Return To Endau Rompin Part 1

Posted: May 6, 2010 in butterflies, holidays, macro photography, wide angle photography
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Like the salmon that flows upstream to die and the wandering turtle that comes back home, my heart eventually found its way back to a small cleft of rock in the middle of a rushing river that runs through the heart of Endau Rompin.
And around that small hiding place from the boisterous current, the massive singing forest that flanks and surrounds the river at every bend and turn. 

 

 

 

 

 

Unlike the soaked mud trails and burgeoning river of the past year’s rains, Endau Rompin took on a clean after-washed sunny complexion, radiantly shining through 3 days of our stay.

Butterflies flutter in thick numbers in the trees and on the roads, busy, variant and inconsistent as a community patchwork quilt.  The Sawtooths and large graceful Helens have mostly disappeared, replaced by psychedelic zipping Orange Albatrosses on the hot sand and the haunting pale soft sprinkling of Plain Puffins in the shadows of the trees. 

In the frenzy of feeding, butterflies line and crowd the mineral deposits, jostling with each other against a permanent blue pop art background of jays.

 A Blue Jay stands camouflauged against a troop of Great Jays.  Can you spot it?

The Jays flutter the ends of their wing tips like the incessant shivering of a coy lady’s fan, gathering, encircling and moving in synchrony with each other, forming a stage of dancers supporting the highlights of the day’s performance.

At the foot of the waterfalls, bright red gems of Malay Red Harlequins beset the lower echelons of the foliage, sitting daintily and motionless, waiting to be chanced upon by the wandering trekker and photographer, accompanied by the less colourful Red Bush Brown. 

The Red Bush Brown pales in comparison to the brilliantly coloured Malay Red Harlequin.

In the early hours of the morning, the beautifully draped Terinos clarissa malayanus grace the plain covers of barks and leaves with its robes of purple, red and blue, gently fanning its strongly falcate forewings, before disappearing back into the darkness, replaced in turn by the magnificent striped backs of the Malayan Zebra.

The Terinos clarissa malayanus is observed sunning itself open winged in the early hours of the morning (8:30 – 9:30a.m. thereabouts) and then disappeared into the shades of the forest cover when the sun was hotter. 

 

 

 

 

 

 

 

 

Out on the dried mud trails, little Pierots, all decked in a variety of speckles and stripes crowd together to gossip on the day’s happenings, moving together like nomads over the desert, dwarfed and harassed by storms of maplets and the occasional Tailed Jay, shimmering rows of green emerald on its black velvet wings.

 

 

 

 

 

 

 

 

Night gowns the trees in shades of blue and the forest floor awakes and slithers in the shadows across water, rocks and grass, in pursuit or from pursuit, dancing a dangerous tango complete with brilliant costumes, songs and fangs.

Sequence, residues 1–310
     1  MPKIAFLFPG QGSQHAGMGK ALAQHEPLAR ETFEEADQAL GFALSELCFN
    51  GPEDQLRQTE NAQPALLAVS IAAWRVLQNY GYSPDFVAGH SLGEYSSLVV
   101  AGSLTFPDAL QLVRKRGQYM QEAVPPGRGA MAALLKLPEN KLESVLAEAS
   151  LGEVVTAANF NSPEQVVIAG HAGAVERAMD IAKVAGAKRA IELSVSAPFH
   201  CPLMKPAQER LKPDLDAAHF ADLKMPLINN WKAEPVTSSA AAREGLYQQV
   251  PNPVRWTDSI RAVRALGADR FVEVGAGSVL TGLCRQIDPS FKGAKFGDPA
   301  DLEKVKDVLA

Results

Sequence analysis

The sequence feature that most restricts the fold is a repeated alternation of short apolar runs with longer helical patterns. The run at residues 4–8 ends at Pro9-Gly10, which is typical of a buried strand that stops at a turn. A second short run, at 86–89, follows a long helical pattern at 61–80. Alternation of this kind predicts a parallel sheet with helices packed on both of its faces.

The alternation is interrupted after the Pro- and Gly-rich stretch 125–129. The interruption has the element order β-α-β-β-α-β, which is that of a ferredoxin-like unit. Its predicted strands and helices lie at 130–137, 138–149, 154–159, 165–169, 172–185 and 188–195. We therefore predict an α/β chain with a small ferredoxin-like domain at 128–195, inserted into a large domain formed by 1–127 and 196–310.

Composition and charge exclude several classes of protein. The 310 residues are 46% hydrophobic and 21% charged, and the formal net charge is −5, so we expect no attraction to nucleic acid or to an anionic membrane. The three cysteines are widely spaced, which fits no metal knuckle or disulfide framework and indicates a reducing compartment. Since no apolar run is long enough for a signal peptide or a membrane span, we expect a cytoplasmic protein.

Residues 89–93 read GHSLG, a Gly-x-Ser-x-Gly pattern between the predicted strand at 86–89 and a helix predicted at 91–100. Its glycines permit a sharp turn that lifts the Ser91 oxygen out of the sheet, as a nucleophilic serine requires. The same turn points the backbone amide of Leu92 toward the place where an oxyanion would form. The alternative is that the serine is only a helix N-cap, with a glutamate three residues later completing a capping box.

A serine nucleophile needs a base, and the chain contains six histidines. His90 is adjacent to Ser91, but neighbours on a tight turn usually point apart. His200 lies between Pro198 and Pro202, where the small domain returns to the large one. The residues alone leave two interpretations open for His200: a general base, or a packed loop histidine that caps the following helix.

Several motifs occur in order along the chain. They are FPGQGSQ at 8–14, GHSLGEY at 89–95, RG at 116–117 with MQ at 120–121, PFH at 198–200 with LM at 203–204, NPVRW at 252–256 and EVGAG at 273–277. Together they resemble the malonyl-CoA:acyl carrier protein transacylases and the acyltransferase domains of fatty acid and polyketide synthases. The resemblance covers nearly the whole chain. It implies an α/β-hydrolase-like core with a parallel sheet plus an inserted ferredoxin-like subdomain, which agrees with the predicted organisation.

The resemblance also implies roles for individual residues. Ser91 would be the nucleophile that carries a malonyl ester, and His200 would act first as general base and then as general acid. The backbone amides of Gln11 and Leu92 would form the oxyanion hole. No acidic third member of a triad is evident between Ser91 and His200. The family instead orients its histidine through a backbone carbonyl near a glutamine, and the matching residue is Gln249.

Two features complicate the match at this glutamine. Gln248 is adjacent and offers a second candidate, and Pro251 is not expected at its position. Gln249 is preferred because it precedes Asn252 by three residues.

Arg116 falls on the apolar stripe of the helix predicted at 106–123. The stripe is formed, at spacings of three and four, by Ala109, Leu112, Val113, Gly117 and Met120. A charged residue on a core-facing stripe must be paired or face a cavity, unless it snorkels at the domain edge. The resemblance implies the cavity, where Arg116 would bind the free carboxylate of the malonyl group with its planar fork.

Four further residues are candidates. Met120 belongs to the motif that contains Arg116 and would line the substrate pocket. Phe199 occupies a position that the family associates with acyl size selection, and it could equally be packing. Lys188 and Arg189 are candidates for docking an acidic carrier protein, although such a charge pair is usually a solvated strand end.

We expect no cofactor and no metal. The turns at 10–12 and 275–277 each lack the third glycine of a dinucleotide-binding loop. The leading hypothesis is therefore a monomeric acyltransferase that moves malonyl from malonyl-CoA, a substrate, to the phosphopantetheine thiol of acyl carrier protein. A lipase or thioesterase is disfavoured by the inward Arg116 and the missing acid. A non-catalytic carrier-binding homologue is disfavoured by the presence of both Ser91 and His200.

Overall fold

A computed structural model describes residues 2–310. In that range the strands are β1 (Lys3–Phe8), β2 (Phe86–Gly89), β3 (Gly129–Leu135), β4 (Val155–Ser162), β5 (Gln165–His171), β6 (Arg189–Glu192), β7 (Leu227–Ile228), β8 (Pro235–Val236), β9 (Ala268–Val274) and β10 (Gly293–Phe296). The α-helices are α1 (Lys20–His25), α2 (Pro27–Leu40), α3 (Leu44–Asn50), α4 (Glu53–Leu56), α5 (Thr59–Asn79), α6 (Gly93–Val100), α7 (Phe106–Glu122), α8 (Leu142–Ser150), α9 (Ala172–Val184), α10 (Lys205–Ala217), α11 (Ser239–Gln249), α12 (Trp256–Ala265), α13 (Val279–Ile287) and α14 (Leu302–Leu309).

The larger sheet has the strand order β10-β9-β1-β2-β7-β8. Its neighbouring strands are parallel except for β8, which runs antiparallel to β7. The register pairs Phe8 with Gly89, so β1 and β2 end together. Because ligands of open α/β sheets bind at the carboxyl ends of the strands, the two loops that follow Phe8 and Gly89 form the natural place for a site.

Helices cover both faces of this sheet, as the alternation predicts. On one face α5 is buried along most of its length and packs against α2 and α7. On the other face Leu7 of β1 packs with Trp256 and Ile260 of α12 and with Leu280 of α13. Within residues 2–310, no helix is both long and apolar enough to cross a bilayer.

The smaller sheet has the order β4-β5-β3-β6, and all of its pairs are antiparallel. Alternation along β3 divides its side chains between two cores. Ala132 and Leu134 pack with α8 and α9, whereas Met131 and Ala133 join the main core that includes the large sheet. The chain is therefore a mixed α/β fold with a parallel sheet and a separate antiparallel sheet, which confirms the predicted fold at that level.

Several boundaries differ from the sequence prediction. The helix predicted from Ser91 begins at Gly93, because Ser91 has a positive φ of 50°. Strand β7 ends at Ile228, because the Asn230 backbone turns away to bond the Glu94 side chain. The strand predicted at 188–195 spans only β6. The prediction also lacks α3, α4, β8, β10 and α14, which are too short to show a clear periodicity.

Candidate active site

Prey and predator both establish a territory within the same habitat, the small planked bridge over the clear river waters.

Meanwhile artificial light emanating from rooms, kitchens and torches attract strange creatures of the night, taxing the imagination and filling the night with wonder.

When day breaks, the forest leaves gifts at your doorstep, in the form of squat, big-eyed, crepuscular butterflies which sully the line of conventional differences between the sunshine-loving graceful floating butterfly and the night-loving furtive lurking moth.

Typical floaty butterfly above versus speedy Awls below.

 
Defying their feminine reputation, they burst with great speed and wear their no-frills wings angled out like the wings and tail of a fighter plane.  Serious business on their furry faces and straight antennae, they burst off and elude even the shutter of the eager camera, leaving disappointed photographers in their wake.

(To be continued… stick around like a Jay for more).

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Comments
  1. fatcat says:

    lovelovelovelove the groups shots of the butterflies, so pretty! (well, they're all pretty, but those even more so!)

  2. Thank you! 😀 It's very rare to see butterflies in these numbers over here. So was elated when they turned up in throves in Malaysia! 😀

  3. Trailblazer says:

    A chorus line of wings, ready to dance off stage. Splendid, as always.

  4. Thank you! 😀 It was therapeutic just lying on my belly in the mud with my camera just watching them!

  5. Trailblazer says:

    So much better than drugs or basket weaving. I know today is hard for you, so many of us are motherless this day. Keep doing what brings you, and us, so much joy . . . and wonderment.

  6. Lauri says:

    Breathtaking!!!How I love your posts!The group shots are so wonderful! 🙂

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